When it comes to companies with a huge amount of influence in the game design space, it is hard to argue that Bungie isn't among the frontrunners. Having successfully birthed both the Marathon and Halo franchises, they also draw one of the largest fan followings in the entire industry. After recently breaking ties from the Microsoft fold and signing a ten year contract with Activision to create a groundbreaking new game universe, it was assumed that they would be setting their sights on creating a new console franchise. While this assumption may still be true, it seems like they may also have more ambitious, and dare we say portable plans.
Using the moniker of Bungie Aerospace, the name of Bungie's business entity post-Microsoft, recently filed a trademark for the name "Crimson." As bland as the name may seem, this may be pointing towards the company finally making strides into the iOS space. The official filing description reads as follows:
"Computer game software downloadable from a global computer network; Computer game software for use on mobile and cellular phones; Downloadable computer game software via a global computer network and wireless devices" -- VIA USPTO Filing
Though I would hate to be the one to jump to conclusions too early, the wording above seems pretty definitive in stating Bungie's intentions to at least breach the portable gaming front in some way, shape, or form. It is hard to say whether this might be in the form of a full game, stat monitoring, or even a pre-release ARG, but one thing is for sure, this should be exciting news to all iOS gamers. Lets just hope that they can continue their hot streak of amazing game worlds, because I can't wait to see what they have up their sleeves next!
Gameloft's N.O.V.A. is a landmark title for the iPhone/iPod platform. This Halo clone might be lacking in originality, but it's an amazing title that showcases what the iPod is truly capable of. FPS fans, this is one you've got to grab!
After months of waiting for followers of the title, Gameloft have today announced the release of N.O.V.A Near Orbit Vanguard Alliance. Possibly one of the most anticipated App Store titles of the year, N.O.V.A Near Orbit Vanguard Alliance is a science fiction first person shooter set in futuristic environments. Graphically stunning, the game centers around man-made artificial satellites called near-orbitals, created to allow people to live on due to the Earth no-longer able to sustain life.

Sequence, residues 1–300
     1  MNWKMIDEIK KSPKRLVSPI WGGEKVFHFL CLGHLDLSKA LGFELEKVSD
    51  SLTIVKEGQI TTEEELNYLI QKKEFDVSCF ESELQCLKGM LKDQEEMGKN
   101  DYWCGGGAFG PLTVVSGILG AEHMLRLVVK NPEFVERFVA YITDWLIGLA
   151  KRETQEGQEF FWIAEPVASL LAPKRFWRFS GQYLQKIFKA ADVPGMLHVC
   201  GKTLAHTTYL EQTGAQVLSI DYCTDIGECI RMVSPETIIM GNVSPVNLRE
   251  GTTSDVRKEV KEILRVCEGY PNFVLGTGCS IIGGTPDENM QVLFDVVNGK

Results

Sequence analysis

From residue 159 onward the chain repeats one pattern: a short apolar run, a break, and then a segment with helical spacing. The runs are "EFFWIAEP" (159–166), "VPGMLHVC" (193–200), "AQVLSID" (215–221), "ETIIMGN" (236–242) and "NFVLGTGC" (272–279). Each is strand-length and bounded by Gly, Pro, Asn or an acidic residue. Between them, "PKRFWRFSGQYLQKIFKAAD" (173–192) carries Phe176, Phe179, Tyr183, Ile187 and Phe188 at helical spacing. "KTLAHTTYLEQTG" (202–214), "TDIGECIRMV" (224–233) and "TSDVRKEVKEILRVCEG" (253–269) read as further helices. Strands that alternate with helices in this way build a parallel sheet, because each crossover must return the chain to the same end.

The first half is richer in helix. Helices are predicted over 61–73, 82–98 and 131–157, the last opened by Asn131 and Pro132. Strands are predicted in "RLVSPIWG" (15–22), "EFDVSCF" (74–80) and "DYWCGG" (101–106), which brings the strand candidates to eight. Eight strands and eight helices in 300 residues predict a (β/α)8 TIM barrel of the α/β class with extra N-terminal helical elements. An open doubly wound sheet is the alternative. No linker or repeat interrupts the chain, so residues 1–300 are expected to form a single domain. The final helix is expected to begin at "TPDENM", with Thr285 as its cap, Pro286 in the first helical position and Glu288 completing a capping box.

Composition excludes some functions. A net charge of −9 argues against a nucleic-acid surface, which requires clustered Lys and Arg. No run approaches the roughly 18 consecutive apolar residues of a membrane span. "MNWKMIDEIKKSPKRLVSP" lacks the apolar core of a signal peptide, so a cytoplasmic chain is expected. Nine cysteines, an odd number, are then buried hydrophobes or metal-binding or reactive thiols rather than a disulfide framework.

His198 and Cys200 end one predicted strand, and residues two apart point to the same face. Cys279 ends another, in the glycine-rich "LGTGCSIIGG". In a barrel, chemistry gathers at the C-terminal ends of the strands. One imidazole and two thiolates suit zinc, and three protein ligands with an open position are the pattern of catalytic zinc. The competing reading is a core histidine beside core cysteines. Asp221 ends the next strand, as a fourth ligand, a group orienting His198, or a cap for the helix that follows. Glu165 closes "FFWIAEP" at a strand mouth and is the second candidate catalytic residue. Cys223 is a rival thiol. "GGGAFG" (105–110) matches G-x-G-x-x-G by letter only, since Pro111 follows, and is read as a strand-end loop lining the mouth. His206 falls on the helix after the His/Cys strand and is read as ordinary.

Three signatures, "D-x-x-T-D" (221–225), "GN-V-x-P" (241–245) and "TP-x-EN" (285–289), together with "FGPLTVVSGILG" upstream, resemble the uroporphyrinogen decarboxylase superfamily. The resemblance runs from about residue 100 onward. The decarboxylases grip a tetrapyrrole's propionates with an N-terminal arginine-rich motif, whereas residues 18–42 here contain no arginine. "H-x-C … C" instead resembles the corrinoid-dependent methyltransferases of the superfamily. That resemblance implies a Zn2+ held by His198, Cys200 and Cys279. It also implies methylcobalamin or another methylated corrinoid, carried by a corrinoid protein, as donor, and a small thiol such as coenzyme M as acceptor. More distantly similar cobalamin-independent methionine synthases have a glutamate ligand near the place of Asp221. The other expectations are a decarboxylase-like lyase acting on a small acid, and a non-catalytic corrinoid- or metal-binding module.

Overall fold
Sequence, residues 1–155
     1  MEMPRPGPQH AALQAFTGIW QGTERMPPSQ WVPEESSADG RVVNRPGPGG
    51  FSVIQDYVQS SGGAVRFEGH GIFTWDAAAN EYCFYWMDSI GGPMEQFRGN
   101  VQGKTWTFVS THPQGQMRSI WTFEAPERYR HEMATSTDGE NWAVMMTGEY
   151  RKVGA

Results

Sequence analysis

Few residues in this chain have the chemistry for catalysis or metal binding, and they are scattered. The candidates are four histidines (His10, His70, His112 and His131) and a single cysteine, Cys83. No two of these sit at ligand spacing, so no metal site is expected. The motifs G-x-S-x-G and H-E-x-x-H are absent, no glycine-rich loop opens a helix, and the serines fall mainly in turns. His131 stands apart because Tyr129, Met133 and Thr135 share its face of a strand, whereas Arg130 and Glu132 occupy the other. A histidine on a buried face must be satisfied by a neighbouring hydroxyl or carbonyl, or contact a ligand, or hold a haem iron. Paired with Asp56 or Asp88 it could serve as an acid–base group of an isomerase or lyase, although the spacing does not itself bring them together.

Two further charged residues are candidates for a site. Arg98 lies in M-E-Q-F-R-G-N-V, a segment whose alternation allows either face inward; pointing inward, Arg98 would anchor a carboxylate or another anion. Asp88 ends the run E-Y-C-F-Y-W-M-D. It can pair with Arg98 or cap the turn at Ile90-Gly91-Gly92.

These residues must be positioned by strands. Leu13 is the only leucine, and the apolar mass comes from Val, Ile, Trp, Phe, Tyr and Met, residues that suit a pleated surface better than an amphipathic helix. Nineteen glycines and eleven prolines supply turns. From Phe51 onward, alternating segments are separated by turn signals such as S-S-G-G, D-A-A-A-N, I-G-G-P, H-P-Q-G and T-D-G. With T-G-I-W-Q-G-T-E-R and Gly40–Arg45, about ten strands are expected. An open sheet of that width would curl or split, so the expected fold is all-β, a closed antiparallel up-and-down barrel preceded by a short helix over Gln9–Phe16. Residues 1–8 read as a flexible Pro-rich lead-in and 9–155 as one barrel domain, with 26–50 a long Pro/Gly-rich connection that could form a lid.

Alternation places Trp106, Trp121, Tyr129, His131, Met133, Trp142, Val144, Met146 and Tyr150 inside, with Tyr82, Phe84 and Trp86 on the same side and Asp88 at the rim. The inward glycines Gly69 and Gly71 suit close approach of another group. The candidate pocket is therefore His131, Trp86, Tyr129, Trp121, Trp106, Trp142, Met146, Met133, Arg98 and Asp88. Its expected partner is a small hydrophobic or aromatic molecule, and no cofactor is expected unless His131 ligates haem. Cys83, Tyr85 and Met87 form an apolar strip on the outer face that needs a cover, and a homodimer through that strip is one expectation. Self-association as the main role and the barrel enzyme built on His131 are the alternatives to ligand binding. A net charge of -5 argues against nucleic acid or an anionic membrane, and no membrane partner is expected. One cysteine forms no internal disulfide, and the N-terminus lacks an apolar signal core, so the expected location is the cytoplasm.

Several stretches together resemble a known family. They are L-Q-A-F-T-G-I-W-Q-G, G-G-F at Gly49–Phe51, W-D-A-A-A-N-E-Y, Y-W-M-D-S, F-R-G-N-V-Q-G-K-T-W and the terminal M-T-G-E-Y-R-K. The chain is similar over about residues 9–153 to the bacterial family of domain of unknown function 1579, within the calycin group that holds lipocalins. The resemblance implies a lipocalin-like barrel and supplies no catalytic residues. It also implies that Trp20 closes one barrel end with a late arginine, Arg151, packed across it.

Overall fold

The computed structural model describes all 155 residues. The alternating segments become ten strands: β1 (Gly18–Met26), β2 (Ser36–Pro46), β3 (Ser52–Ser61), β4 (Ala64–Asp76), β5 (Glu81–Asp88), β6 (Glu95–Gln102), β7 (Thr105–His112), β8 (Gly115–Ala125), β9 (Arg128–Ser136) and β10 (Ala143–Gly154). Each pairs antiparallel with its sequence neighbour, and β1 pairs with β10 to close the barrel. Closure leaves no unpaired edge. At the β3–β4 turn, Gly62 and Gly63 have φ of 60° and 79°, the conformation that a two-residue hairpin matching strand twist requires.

For the protection of these separate near-orbitals they each came together to create N.O.V.A, or the Near Orbit Vanguard Alliance. A team of mercenary operatives tasked with the mission of fighting to defend mankind. Forced back into battle against your will, you play as Kal Wardin, a retired marine. Knocked out cold by members of the N.O.V.A, Wardin finds himself assigned to a string of life-threatening missions.
Highly compared to that of the Halo franchise which has become insanely popular all over the world on Microsoft's Xbox platform, N.O.V.A Near Orbit Vanguard Alliance plays out over a satisfying 13 campaign levels, each taking you to a different landscape, including: a jungle, snow, spaceship, bunker and a forgotten alien city. There are six weapons within the game which you can take advantage of to help you on your mission. These include: an assault rifle, a shotgun, a sniper rifle, a handgun, a rocket launcher and a plasma gun. Plus, in certain levels you'll also get to use grenades and even rock out on machine gun turrets!
As well as playing the game yourself, N.O.V.A Near Orbit Vanguard Alliance can be played in multiplayer mode, too. In this mode, 2-4 players can play in local and online multiplayer deathmatchs, over Wi-Fi and you can versus up to 2 players via a Bluetooth connection. In total, the game's mutliplayer option offers a range of 5 in-game maps in which you can choose from.
Already a 5-star hit wonder after less than 24 hours on the store, and receiving huge critical acclamation, I can't help but think N.O.V.A is going to be an instant App Store hit, if it isn't already! I have to say, having picked up the game myself and played through a level or four, this game sports some of the best visual based graphics I have ever seen on the iPhone (and iPod touch) platform. I'm not just saying it, it's like N.O.V.A crosses that invisible barrier of mobile game to console wonder, and in my personal opinion, Gameloft has excelled.
Be sure to stay tuned for our full in-depth review of N.O.V.A Near Orbit Vanguard Alliance, very soon. In the meantime, feast your eyes on some in-game shots from the game below!